subnet snippets

How to access a service running on the host from a docker container

Tagged container, docker, host, ip, docker-compose, subnet, ufw, rtfm  Languages bash

How to access a service running on the host from a docker container? Easy…

First, RTFM:

Linux (bridge network)

  1. Create a custom bridge network

You can also use the default bridge network.

  1. Make the docker container use the custom network

See network configuration in the docker compose example below.

  1. On the host make the service listen to the hosts IP address on the custom network

For example, change listen_addresses in postgresql.conf for PostgreSQL.

Example docker-compose.yml:

version: "3.8"
      - mynetwork
    env_file: ./mycontainer.env
        - subnet:

The docker container will be assigned an IP from the subnet.

Make sure the service is listening to the host’s IP address on the network which should be

Remember to allow the traffic in the firewall. See UFW example below:

# Check where the connection is coming from:
sudo dmesg
# Unblock the connections by source IP
sudo ufw allow in from "" to port 5432
# Or, unblock the connections by network name
sudo ufw allow in on <name of network> to port 5432


Host networking is not supported by MacOS. You can use an IP address alias instead or one of the host’s IP addresses.

Option 1: Using an IP address alias

We can use an IP address that does not resolve inside the container to access the host. Unresolved IP addresses are routed to the host for resolving.

First, create an alias:

sudo ifconfig lo0

Make Postgres listen to the address in postgresql.conf:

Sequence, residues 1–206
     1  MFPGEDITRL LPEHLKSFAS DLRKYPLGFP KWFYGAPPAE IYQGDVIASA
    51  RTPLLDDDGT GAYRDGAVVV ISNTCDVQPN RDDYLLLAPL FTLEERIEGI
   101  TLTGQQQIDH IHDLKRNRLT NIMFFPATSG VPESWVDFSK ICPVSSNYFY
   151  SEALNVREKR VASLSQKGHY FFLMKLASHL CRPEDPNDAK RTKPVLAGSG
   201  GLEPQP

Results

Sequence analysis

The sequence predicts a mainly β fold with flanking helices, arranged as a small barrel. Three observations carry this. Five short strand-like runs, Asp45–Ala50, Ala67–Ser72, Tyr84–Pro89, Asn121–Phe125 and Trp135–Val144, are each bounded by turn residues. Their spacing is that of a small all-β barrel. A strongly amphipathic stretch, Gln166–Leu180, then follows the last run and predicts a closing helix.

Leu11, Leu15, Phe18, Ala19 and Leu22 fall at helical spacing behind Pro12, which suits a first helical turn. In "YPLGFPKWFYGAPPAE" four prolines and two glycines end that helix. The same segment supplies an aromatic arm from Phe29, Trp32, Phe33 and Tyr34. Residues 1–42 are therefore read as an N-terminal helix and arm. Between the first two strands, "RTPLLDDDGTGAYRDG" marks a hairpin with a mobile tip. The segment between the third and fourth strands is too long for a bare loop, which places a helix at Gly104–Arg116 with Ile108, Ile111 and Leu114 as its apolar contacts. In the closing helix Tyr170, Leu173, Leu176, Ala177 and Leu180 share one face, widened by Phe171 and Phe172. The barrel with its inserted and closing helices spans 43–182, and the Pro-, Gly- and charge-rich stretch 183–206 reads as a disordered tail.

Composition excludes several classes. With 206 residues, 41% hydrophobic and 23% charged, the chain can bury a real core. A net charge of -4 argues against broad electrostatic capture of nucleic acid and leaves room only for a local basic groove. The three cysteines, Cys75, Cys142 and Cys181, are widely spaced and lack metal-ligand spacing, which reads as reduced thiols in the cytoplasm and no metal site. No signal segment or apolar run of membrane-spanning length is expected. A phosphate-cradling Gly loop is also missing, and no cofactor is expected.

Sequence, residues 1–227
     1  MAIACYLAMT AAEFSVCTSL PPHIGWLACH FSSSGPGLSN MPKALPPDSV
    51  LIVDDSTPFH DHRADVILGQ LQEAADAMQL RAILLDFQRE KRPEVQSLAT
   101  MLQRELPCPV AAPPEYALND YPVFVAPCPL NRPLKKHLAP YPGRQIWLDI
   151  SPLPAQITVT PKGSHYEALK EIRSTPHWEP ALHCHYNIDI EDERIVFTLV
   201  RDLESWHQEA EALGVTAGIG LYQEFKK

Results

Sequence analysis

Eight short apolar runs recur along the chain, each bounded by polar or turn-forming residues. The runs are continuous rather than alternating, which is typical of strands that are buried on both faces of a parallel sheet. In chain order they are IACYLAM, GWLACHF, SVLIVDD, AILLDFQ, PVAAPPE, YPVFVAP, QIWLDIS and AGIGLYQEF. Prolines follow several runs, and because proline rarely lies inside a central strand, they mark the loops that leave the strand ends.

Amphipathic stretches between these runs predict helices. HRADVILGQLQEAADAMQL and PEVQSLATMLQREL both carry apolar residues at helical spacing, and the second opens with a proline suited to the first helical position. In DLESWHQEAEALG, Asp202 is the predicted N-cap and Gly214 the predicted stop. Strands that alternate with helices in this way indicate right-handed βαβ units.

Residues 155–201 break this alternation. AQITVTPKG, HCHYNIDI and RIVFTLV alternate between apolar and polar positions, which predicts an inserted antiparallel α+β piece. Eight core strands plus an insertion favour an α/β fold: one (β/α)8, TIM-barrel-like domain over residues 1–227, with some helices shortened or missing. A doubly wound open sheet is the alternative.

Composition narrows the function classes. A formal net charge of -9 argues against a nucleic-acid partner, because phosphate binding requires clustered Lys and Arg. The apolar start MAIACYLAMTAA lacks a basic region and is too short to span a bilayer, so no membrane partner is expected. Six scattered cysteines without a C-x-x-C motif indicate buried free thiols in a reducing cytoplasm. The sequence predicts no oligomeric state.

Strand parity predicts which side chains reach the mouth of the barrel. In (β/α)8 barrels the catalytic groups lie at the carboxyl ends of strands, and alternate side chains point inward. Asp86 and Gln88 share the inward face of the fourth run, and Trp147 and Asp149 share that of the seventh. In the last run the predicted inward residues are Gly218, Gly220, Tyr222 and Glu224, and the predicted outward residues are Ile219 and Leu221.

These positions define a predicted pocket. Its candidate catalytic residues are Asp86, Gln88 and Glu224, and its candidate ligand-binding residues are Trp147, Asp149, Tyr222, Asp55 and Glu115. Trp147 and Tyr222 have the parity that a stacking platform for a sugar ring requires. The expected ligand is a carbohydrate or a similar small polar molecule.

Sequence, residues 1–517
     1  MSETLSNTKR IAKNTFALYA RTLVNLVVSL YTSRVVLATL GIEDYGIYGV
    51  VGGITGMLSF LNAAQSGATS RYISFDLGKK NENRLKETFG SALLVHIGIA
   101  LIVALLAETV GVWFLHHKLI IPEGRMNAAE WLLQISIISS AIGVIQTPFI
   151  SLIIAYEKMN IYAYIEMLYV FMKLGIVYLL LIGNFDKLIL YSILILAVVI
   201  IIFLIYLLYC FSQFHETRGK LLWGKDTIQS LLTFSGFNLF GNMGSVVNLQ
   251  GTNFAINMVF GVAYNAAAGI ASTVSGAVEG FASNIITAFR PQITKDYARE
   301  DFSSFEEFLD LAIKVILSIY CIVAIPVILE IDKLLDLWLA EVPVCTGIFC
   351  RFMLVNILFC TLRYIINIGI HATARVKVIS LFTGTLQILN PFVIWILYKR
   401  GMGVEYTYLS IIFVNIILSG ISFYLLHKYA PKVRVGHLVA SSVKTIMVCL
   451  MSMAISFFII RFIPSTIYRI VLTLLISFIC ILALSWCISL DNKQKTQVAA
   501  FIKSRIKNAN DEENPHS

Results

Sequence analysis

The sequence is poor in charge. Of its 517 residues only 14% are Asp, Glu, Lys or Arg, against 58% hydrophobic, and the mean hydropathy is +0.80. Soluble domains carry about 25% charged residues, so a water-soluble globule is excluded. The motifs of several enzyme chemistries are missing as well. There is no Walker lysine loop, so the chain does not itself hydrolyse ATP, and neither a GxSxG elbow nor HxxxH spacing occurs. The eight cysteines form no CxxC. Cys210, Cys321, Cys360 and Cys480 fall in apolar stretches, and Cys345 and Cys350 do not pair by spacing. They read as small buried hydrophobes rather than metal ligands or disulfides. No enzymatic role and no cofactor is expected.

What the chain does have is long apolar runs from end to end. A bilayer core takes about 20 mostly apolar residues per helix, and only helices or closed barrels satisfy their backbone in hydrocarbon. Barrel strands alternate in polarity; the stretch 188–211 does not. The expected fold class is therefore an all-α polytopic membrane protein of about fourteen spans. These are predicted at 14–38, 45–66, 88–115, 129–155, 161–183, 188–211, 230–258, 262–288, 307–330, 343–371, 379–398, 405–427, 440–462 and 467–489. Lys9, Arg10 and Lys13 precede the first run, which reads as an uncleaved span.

listen_addresses = 'localhost,'

Allow connections in pg_hba.conf:

host    all             all               trust

Restart PostgreSQL.

Option 2: Using an existing host IP address

Same as above except you don’t have to create an alias as the IP address already exists.

Run ifconfig -a on the host to list all IP addresses. Select one and see the instructions above.

Bad ideas

There are many other ways of achieving this, which are more or less bad ideas…

  • Option 1: docker hostnames

This option is mostly useful in development environments:

# Mac
ping docker.for.mac.localhost

# Windows

# Linux: use the Docker IP or the hosts external IP, see:
  • Option 2: host networking

This option is not a good idea if you plan on hosting many projects on the same server.

Note that it’s not possible to use host networking on Mac or Windows, only Linux:

The host networking driver only works on Linux hosts, and is not supported on Docker Desktop for Mac, Docker Desktop for Windows, or Docker EE for Windows Server.